A lot of people carry around this stress about all the email sitting in their inbox without even knowing it. Every time you open your inbox, you're reminded of all the things that you haven't done. Even worse, you live in fear that you might have forgotten something that's really important that you can't remember because there are 3,000 things you're trying to remember all at once. So then you have to go through the demoralizing task of reading the same messages again and again and again to remember exactly what is in your inbox.
Why bit literacy?
MH: Because we as a society have never engaged this issue as something that people have to learn. My book takes the essential first step by raising questions about how to train people to get ready for the digital age. Which is just starting, by the way.
Some people who have heard about the book make the mistake of thinking it's about how to empty your inbox. While that's an important part of Bit Literacy, the larger message of the book is that we have to learn these skills now, because if you think you're overloaded now, think out five or ten years, to the unbelievable degree of inundation of bits that your life and work are going to experience.
We must learn these basic skills today while we still have time. Master your email today so that in five years, when what I call "life bits" are more common, you'll be well equipped.
MH: This is the bit stream that captures audio and video of some, or all, of your waking hours, every day. There are some geeks and a couple of celebrities who are beginning to experiment with this, and it's getting headlines, in the same way that the first users of cell phones got a lot of attention.
The Economist published an article ["The Phone of the Future", 30 Nov '06] a few months ago that said cell phones will soon have processing power and storage capacity to capture the audio and video of every moment of every day. Is that going to be as socially necessary as an email address is today? Are you going to have to use that for insurance claims or for keeping in touch with people? I don't know. But it's coming. That's just one of many possibilities of new bit streams that we're going to have to engage. Email is like kindergarten, and most people don't even know how to manage that.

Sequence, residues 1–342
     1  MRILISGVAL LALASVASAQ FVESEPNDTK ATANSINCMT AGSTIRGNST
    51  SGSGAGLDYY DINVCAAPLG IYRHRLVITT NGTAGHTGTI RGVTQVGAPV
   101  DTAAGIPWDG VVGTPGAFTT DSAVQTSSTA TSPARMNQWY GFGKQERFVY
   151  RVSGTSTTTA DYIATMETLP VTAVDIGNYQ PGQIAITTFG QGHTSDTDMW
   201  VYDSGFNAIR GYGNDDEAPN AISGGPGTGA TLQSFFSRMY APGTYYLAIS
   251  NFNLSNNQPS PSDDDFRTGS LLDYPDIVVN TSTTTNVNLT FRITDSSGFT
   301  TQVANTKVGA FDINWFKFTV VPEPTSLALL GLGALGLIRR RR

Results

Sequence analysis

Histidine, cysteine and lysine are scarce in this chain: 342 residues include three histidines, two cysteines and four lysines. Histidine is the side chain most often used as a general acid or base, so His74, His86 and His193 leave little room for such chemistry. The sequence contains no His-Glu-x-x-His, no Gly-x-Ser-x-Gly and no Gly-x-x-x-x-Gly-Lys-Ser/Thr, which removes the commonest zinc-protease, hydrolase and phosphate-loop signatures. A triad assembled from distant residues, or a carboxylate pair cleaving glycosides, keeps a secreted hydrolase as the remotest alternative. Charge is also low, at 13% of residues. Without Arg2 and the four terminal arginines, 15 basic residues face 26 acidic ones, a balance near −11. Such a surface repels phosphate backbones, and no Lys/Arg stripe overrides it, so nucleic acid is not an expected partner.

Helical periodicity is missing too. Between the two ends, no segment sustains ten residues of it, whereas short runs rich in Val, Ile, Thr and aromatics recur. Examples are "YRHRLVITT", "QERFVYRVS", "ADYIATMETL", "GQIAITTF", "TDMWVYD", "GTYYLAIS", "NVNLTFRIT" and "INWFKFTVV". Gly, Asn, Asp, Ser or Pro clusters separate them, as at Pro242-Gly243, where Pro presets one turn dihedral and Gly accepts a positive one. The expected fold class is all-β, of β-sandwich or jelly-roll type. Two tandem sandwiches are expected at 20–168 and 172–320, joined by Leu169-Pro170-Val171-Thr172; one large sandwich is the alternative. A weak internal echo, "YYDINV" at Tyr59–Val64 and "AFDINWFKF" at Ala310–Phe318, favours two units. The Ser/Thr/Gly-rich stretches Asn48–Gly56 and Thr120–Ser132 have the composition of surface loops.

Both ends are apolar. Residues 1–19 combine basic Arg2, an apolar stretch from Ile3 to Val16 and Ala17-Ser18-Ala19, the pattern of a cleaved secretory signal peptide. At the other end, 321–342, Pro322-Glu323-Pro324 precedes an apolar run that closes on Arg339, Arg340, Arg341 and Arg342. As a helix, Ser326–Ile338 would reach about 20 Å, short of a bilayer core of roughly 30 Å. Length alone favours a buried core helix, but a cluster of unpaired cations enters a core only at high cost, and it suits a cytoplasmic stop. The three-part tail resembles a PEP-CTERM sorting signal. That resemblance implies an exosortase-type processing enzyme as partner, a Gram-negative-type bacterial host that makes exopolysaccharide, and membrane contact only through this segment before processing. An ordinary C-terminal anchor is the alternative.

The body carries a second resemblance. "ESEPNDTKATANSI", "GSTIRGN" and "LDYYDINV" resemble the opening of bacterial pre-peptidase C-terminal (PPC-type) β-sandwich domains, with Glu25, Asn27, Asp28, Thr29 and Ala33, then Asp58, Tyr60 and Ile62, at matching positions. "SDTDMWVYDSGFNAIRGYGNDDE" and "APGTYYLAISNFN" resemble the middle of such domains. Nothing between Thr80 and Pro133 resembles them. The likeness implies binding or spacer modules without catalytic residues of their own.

I admit, I'm guilty of a large email inbox. I never considered the psychological weight of bits, but you're right, it's always lingering in the back of my mind. The problem is, you get an email that doesn't need an immediate answer, but it might need an answer at some point in the future which requires additional information that you don't have yet. So it lingers and weighs heavily on you.
MH: The Gmail website states that one of Gmail's benefits is that you'll never have to delete another email, as if that's one of the great benefits of technology—that we're freed from the responsibility of deleting anything.
I'm glad you brought that up. It speaks to an issue with accountability.
MH: That's exactly it, Erik. That's why I ask, early in the book, "Who has the responsibility to make you productive and effective in the digital age?"
Technology companies want to sell you the idea that it's their responsibility to make you productive. "Don't worry; we'll give you ever more features, options, add-ons, and upgrades, and we'll take care of you." Anybody who has faithfully upgraded Microsoft Office over the years can judge for themselves whether an endless series of upgrades actually makes them more effective.